locate - find filenames quickly
Shell globbing and quoting characters ``( *'' ``?'' ``\'' ``['' and ``]'' may be used in pattern although they will have to be escaped from the shell. Preceding any character with a backslash (``\'' ) eliminates any special meaning which it may have. The matching differs in that no characters must be matched explicitly, including slashes (``/'' )
As a special case, a pattern containing no globbing characters (``foo'' ) is matched as though it were ``*foo*''
Historically, locate only stored characters between 32 and 127. The current implementation store any character except newline (`\n' ) and NUL (`\0' ) The 8-bit character support does not waste extra space for plain ASCII file names. Characters less than 32 or greater than 127 are stored in 2 bytes.
The following options are available:
The option database may be a colon-separated list of databases. A single colon is a reference to the default database.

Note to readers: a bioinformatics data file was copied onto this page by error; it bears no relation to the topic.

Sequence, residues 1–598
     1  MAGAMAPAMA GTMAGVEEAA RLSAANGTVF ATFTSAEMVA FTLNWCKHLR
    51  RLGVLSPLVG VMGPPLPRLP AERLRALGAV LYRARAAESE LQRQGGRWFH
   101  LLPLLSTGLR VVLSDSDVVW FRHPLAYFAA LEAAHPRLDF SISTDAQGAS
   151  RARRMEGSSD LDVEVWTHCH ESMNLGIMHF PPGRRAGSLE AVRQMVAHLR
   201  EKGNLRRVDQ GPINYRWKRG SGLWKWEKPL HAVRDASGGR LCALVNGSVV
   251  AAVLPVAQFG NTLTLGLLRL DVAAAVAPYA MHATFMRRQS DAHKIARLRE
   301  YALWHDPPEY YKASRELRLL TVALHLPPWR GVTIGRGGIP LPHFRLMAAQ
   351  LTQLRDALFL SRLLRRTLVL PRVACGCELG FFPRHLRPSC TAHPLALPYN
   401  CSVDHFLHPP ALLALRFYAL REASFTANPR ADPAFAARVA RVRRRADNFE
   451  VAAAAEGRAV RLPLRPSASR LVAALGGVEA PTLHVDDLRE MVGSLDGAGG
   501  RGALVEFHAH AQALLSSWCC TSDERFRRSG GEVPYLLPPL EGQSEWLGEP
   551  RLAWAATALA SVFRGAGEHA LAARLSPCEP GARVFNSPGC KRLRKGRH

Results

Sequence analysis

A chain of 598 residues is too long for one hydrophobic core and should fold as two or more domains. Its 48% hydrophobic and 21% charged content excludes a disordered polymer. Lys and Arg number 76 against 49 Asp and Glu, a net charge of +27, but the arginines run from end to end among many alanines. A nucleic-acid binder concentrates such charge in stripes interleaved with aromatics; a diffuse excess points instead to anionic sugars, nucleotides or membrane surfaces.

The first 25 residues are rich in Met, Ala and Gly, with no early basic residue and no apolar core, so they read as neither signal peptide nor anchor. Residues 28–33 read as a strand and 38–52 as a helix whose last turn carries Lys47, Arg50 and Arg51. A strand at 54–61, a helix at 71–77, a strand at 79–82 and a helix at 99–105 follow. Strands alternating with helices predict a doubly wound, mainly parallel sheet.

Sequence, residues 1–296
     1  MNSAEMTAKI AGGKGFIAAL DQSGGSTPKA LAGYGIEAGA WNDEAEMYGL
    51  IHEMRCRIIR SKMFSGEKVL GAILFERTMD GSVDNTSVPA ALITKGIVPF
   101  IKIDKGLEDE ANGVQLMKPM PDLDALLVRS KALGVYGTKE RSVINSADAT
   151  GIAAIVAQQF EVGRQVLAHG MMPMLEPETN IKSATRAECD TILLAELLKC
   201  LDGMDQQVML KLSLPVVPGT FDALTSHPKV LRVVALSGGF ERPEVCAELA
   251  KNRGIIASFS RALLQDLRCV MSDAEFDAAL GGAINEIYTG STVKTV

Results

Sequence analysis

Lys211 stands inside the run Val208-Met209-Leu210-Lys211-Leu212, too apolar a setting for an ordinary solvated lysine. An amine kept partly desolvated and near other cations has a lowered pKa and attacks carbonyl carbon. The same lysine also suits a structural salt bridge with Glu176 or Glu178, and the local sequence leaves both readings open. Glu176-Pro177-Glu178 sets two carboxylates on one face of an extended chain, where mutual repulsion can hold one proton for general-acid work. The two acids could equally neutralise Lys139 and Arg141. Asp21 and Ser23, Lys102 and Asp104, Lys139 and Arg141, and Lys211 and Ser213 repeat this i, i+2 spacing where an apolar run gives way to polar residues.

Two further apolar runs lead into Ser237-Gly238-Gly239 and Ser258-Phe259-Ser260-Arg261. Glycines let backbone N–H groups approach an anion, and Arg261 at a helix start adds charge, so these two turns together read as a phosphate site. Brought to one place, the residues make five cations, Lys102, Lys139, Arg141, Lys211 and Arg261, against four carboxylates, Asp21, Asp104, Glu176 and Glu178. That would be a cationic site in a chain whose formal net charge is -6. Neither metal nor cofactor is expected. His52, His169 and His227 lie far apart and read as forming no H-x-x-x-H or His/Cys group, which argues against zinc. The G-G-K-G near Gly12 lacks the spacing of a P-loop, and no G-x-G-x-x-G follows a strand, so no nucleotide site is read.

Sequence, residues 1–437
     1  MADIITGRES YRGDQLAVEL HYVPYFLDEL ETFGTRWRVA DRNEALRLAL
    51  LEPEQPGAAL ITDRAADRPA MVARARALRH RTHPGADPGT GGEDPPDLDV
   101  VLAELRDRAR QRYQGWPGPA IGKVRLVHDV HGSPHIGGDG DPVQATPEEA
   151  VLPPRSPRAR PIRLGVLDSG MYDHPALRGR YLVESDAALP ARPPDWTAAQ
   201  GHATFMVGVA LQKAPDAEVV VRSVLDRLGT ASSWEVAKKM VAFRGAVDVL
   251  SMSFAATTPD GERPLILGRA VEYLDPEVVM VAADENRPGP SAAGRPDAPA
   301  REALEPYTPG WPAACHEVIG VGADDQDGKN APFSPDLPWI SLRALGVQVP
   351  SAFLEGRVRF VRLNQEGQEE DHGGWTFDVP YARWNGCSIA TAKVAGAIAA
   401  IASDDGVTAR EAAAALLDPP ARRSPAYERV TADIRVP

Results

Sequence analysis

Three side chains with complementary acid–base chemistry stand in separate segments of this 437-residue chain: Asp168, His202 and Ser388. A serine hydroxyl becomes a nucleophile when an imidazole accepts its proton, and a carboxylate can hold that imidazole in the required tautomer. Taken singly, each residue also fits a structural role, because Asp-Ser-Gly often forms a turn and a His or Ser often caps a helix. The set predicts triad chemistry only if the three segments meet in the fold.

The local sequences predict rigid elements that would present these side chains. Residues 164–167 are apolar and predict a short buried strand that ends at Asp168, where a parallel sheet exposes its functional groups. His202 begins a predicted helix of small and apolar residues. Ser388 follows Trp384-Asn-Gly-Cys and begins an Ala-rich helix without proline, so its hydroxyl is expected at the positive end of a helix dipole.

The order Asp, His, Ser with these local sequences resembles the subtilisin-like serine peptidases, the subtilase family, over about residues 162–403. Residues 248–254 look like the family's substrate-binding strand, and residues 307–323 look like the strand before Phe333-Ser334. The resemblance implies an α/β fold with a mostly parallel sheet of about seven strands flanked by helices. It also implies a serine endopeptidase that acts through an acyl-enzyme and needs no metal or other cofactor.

$ locate -d $HOME/lib/mydb: foo
will first search string ``foo'' in $HOME/lib/mydb and then in /var/db/locate.database
$ locate -d $HOME/lib/mydb::/cdrom/locate.database foo
will first search string ``foo'' in $HOME/lib/mydb and then in /var/db/locate.database and then in /cdrom/locate.database
"$ locate -d db1 -d db2 -d db3 pattern"
is the same as
"$ locate -d db1:db2:db3 pattern"
"$ locate -d db1:db2 -d db3 pattern"
If - is given as the database name, standard input will be read instead. For example, you can compress your database and use:
$ zcat database.gz | locate -d - pattern
This might be useful on machines with a fast CPU and little RAM and slow I/O. Note: you can only use one pattern for stdin.
The database is typically built by user ``nobody'' and the locate.updatedb8 utility skips directories which are not readable for user ``nobody'' group ``nobody'' or world. For example, if your HOME directory is not world-readable, none of your files are in the database.
The database is not byte order independent. It is not possible to share the databases between machines with different byte order. The current implementation understands databases in host byte order or network byte order if both architectures use the same integer size. So on a Fx Ns /i386 machine (little endian), you can read a locate database which was built on SunOS/sparc machine (big endian, net).
The utility does not recognize multibyte characters.
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Created 1996-2023 by Maxim Chirkov
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